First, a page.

Beauty has always played an important role in human behavior. The concern for a good image has always prevailed as a constant. Different cultures throughout the ages have focused on the need, mainly for women, to reach the standards associated with each moment.

But beauty is, of course, cultural. And we are moving towards a culture of beauty that embraces dimensions not accepted to date. A conceptualization in which everyone is welcome. accommodating all genders, races and conditions (people of color, obese, vitiligo, bald, gray or wrinkled…)

Beauty is a big business worth billions, but it’s also an area of growing social interest. With an ever-expanding range of products and also specialized medical services, the beauty, aesthetics and diet industries have become the subject of great concern both for the environmental impact of the chemical industry in the manufacture of products and for the safety of people when receiving treatments.

Like many other industries, beauty brands are diving into activism today, but they must not forget that it is not about marketing and they are obliged to show honesty and responsibility if they really want to secure their future.

Although, in general, the activism of beauty brands has been more through charitable donations than political statements, some like The Body Shop pioneered the fight against animal testing 10 years ago. The difference right now is that many of the new cosmetics brands have made hyper-visibility and radical transparency a core part of their strategy. But it doesn’t work to move into activism only when it’s beneficial to the brand.

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If we talk about sustainable beauty, then the brand, its meaning, its purpose, its values and its behaviors are the main protagonists. And the reason is none other than conscious consumerism that continues to grow in all sectors and in particular within the world of beauty, with consumers valuing purpose-oriented and sustainability-oriented brands.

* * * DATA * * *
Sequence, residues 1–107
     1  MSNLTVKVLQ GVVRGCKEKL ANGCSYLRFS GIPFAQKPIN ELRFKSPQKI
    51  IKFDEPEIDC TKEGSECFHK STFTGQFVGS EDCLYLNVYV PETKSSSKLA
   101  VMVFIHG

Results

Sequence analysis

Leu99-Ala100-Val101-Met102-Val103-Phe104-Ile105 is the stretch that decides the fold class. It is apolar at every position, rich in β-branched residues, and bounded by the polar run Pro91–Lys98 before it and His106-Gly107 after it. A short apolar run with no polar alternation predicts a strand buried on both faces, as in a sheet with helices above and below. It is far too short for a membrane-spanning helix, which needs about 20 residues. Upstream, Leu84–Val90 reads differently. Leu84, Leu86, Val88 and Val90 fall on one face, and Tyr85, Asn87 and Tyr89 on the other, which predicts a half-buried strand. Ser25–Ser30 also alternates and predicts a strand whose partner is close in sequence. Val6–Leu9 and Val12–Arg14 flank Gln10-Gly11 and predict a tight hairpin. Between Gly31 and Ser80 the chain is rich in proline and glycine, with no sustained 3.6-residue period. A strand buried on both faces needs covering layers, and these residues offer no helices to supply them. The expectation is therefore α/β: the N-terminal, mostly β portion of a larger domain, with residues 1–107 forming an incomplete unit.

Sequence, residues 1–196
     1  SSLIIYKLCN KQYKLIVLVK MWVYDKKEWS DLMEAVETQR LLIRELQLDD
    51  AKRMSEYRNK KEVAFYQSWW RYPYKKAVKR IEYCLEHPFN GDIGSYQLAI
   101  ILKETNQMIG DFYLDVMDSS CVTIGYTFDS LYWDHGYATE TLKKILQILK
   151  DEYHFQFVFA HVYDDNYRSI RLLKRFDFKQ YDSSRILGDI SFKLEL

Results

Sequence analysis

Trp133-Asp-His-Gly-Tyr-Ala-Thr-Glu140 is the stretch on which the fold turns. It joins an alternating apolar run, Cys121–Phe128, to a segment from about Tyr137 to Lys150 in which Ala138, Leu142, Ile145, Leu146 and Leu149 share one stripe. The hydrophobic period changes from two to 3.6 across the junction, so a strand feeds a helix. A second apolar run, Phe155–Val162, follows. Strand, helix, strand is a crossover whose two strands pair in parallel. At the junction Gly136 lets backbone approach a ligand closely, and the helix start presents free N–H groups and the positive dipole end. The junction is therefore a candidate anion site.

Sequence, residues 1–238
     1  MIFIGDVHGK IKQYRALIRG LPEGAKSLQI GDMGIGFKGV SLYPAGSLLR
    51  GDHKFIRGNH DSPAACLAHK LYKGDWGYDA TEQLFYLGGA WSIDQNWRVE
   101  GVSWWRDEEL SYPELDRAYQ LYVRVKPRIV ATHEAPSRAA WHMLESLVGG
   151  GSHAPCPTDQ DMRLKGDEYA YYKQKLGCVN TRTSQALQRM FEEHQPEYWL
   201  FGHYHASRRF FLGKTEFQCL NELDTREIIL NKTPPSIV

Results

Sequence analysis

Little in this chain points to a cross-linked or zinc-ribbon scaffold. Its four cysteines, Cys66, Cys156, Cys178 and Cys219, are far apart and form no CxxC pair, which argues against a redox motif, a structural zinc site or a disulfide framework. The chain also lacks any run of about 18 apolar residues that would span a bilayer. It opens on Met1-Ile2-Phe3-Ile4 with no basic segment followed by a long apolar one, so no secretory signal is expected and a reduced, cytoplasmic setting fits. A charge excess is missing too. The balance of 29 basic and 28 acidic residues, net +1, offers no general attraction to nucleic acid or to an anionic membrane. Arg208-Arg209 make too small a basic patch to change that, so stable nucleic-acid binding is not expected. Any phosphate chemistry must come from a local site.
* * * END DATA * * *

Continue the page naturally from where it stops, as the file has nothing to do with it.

A survey by Harper’s BAZAAR UK noted that more than 60% of people are willing to spend on brands that offer natural products, while 55% showed interest in eco-conscious brands. Another report, in this case from Marketing Chart, shows that 37% of consumers look for products with environmentally friendly packaging, while 29% buy those brands that promote sustainable practices.

In today’s world, environmental issues are at the forefront of the media, so it stands to reason that consumers become more eco-conscious and favor brands that share their values.

But for brands, talking about sustainability goals isn’t enough. They need to highlight their efforts and take tangible action. Customers are looking for acts, not ads. For example, L’Oreal, Olay, Estee Lauder and L’Occitanhave pioneered this by introducing bags, capsules and refillable products in all their brands. But steering large companies towards sustainability is not easy, so new brands, more agile by nature, have an opportunity to make a difference and make a breakthrough.

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On the other hand, a concept of beauty emerges that moves from perfection to acceptance. Diversity and inclusion, increasingly present in networks and campaigns, are a necessity for those brands that understand that their business is no longer about aesthetics and are closer to personal fulfillment. Dove understood this perfectly, as early as 2004, when it launched its “Real Beauty” campaign, which celebrated diverse bodies and reached $2.5 billion in sales. And the figure has not stopped growing, almost doubling in 2020.

Let’s also think that Generation Z has already broken the gender barrier; They perceive it more fluidly than previous generations. According to a recent study by The Innovation Group, 56% of Gen Z say they ignore product labels based on gender.

Some brands like Maybelline are turning to male experts to help normalize men’s use of makeup, a new customer acquisition platform for Western beauty brands.

Inclusive communication is 25% more memorable for customers, so brands that stand for a more real and authentic front are set to continue to grow. But, as I mentioned earlier, it’s not about communication, it’s about culture. Including diversity in the companies themselves will help steer the brand toward greater authenticity.

Beauty brands are facing new challenges in this post-pandemic world, such as disrupted supply chains, uncertainty of customer bases, and declining in-store purchases. If they want to survive, they can’t forget the most basic thing: putting customers at the center. Only if they are able to understand their motivations and needs will they be able to remain relevant and chosen.


Carlos Puig Falcó
CEO of Branward